Want to keep in the loop on the latest happenings at Chabad Lubavitch of Idaho. Subscribe to our mailing list below. We'll send you information that is fresh, relevant, and important to you and our local community.
Printed from JewishIdaho.com

Holy Madness

Friday, 30 January, 2015 - 1:00 pm

A man was surprised to see an empty seat at the Super Bowl. He noticed a woman sitting next to the empty seat and made a remark about it to her. She looked at it tearfully and said, "Well, it was my husband's, but he died."

"Oh my!" he said. "I'm so sorry for your loss, but I'm surprised that another friend or family member didn't jump at the chance to take the ticket."

"I know," she said. "They all insisted on going to the funeral."


We all have our insane moments, hopefully none as crazy as that grieving woman. But, honestly, how many times – a day – do we do something that we know is not good for us? How often do we ignore our mind in favor of our heart’s desires? Doing something that our brain tells us we should not do is crazy. Yet, many of us engage in this type of nonsensical behavior on a regular basis, perhaps daily.

Why do we do it and how do we overcome it?


Sixty four years ago today, Rabbi Menachem M. Schneerson took over the reins of the Chabad movement.  During the farbrengen observing the first yahrzeit of his predecessor, Rabbi Yosef Y. Schneerson, he delivered his first Chassidic discourse, titled Basi Legani. Every year – for almost 40 years – he would continue to expand upon the theme of this discourse on this date.

One of the ideas that the Rebbe developed is the concept of shtus d’kedusha – translated loosely as ‘crazy holiness.’ A simple application of this idea is the commitment to do something sacred regardless of whether it is perceived – by yourself or others – as rational.  For example, eating kosher food might seem silly to some. One approach to persuade myself or others is to debate the pros and cons. Another entirely different approach is to simply dive into the spiritual deep end.

The difference between caving in to our irrational impulses and ignoring our mind’s comfort zone to do a mitzvah is not whether it’s rational. They are both illogical. It’s about whether it’s Divine. 

We often think of G-d as being the ultimate Source of Knowledge. While that is true, it also falls infinitely short of describing Him. Our minds cannot perceive infinity as hard as we try. We certainly cannot perceive the infinity of G-d. And it blows our mind to think that this infinite G-d is ‘encased’ in this finite world. How can He be infinite and finite at the same time? But He is.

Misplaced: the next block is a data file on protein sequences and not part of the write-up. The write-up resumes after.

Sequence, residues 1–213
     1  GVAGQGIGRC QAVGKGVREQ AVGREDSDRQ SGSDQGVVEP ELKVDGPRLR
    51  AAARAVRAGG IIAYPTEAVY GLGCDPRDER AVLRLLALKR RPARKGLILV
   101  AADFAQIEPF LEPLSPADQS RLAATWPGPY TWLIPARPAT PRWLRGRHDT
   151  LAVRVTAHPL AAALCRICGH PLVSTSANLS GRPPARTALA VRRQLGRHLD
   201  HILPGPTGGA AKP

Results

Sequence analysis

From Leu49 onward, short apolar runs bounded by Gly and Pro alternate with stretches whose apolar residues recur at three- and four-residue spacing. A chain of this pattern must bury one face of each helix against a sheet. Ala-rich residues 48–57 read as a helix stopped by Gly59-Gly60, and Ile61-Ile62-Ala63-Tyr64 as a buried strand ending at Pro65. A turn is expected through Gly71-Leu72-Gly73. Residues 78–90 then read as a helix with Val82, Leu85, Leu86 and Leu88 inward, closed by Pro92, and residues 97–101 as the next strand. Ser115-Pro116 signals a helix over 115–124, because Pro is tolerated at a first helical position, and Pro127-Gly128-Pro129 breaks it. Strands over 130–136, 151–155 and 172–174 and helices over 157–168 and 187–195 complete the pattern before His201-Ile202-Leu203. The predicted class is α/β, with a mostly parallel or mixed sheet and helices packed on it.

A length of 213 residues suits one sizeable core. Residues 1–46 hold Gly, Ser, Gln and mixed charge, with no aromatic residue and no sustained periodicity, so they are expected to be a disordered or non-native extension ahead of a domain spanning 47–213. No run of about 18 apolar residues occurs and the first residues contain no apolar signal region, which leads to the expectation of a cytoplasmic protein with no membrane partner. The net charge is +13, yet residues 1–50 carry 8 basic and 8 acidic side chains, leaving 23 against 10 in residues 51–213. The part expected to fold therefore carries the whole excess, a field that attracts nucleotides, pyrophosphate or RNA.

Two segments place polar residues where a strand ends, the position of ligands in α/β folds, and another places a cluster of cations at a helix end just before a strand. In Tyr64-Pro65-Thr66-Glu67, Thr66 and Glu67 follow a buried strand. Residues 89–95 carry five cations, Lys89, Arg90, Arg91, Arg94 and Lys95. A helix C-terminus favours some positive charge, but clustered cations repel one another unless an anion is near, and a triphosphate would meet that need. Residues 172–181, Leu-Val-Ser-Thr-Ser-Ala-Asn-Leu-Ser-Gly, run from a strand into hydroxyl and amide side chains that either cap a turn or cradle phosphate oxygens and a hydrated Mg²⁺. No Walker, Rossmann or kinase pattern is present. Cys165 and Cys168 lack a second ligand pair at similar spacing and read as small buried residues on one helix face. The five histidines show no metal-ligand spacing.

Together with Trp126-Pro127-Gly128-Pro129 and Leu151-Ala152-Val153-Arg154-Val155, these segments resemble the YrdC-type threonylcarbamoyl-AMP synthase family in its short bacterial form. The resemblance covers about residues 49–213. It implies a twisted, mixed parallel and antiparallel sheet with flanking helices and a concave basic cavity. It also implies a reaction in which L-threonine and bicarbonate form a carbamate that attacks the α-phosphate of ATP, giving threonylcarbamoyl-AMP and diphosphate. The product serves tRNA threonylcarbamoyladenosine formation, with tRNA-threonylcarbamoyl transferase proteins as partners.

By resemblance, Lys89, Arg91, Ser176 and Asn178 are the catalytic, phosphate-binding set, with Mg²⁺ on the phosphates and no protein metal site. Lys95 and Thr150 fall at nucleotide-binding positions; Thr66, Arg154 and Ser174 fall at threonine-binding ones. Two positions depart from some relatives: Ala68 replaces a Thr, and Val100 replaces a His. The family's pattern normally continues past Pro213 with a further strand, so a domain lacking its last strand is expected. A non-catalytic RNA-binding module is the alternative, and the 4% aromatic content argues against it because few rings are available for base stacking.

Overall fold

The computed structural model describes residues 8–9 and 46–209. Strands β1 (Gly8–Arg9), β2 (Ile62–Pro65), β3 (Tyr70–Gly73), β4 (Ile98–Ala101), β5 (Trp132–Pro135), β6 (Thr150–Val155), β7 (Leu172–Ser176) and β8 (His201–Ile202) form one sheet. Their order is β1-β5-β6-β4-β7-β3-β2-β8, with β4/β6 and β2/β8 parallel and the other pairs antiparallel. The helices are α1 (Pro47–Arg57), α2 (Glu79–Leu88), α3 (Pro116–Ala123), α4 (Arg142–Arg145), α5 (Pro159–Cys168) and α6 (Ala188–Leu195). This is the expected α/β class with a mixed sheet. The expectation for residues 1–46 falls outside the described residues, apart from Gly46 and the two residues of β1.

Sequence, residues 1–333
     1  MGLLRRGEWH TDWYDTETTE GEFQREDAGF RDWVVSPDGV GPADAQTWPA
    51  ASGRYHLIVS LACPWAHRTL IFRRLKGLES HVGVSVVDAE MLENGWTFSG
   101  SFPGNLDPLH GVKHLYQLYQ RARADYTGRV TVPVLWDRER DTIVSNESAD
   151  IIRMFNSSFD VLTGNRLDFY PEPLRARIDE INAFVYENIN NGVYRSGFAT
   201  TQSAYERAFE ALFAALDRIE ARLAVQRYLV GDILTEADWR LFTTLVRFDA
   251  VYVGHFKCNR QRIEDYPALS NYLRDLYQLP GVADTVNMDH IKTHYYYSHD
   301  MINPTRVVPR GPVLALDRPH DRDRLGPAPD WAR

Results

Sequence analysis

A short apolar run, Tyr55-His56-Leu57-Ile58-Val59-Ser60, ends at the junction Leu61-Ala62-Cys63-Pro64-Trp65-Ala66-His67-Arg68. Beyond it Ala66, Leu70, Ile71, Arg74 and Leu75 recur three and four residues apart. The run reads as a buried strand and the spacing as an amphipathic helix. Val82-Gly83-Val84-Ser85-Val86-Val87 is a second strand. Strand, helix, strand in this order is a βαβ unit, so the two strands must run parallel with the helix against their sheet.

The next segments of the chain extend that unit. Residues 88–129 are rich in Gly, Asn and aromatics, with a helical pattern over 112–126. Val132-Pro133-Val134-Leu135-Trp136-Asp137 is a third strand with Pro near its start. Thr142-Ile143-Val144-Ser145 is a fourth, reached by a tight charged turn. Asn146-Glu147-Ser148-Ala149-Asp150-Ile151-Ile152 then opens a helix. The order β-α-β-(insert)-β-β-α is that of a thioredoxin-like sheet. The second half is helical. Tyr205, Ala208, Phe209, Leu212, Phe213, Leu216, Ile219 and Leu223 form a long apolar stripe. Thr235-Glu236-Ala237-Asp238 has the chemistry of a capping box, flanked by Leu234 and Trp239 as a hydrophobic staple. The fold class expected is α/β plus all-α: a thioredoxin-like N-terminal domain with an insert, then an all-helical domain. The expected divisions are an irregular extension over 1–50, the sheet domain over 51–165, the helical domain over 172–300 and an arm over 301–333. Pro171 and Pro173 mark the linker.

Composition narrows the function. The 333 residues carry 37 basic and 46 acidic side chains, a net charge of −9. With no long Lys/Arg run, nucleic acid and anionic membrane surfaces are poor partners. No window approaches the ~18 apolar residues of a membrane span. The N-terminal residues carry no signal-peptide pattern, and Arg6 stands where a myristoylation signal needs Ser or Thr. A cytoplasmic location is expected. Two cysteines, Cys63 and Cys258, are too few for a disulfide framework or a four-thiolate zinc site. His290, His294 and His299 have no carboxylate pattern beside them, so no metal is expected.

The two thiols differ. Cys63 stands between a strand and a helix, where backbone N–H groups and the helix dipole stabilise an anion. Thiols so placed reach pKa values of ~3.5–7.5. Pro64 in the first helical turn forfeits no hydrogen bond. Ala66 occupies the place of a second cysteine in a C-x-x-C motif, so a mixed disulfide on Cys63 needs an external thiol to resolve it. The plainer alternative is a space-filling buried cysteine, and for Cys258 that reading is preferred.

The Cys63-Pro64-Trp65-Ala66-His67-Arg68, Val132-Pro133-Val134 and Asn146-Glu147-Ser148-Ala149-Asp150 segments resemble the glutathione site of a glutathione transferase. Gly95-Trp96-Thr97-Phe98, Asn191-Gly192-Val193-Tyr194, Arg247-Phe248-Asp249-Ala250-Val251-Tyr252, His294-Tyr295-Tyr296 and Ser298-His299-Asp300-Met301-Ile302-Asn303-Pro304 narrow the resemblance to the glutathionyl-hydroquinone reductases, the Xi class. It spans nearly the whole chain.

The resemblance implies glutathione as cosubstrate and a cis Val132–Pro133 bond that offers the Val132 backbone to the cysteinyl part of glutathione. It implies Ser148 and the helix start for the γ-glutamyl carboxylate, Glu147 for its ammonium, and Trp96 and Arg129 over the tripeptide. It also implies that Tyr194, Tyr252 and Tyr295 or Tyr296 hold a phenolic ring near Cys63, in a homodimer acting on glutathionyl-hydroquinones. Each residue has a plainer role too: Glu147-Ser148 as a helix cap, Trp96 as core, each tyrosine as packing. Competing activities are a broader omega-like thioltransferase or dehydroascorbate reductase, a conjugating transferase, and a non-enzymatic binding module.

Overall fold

So, really, G-d is way beyond logic the way we know it. (He also happens to choose to exist in logic, which is why we can relate to Him…).

The craziness of compromising our values is beneath logic. It is far from G-d.

The irrationality of committing to Torah is above logic. It taps into a place of holiness that our minds may be incapable of taking us. It may be the closest we can get to G-d.


In this week’s parsha Beshalach, the Jews witnessed the splitting of the sea. Their commitment to G-d – at that point – knew no bounds. It would be accentuated at Sinai, when they would experience Divine Revelation.

However, they wandered for forty years before settling down in the Holy Land.

Perhaps, there is a deep message in this sequence.  The events they experienced were on the level of shtus d’kedusha, crazy holiness. They saw G-d eye to eye.

But the mission is not to shed our sense of perception. We are rational beings.

The goal is to take the awareness of infinity and bring it down into our sane minds.

For that initial generation of Jews, it took forty years to bring Heaven down to Earth. They’ve given us the strength and courage to do it every day.


When the Rebbe took over as Rebbe, no one imagined that the words he spoke would be so telling of his mission on earth. The Rebbe, took the Jewish world by storm. He grabbed at what was beyond grasp – and put it firmly in our hands.

Comments on: Holy Madness
There are no comments.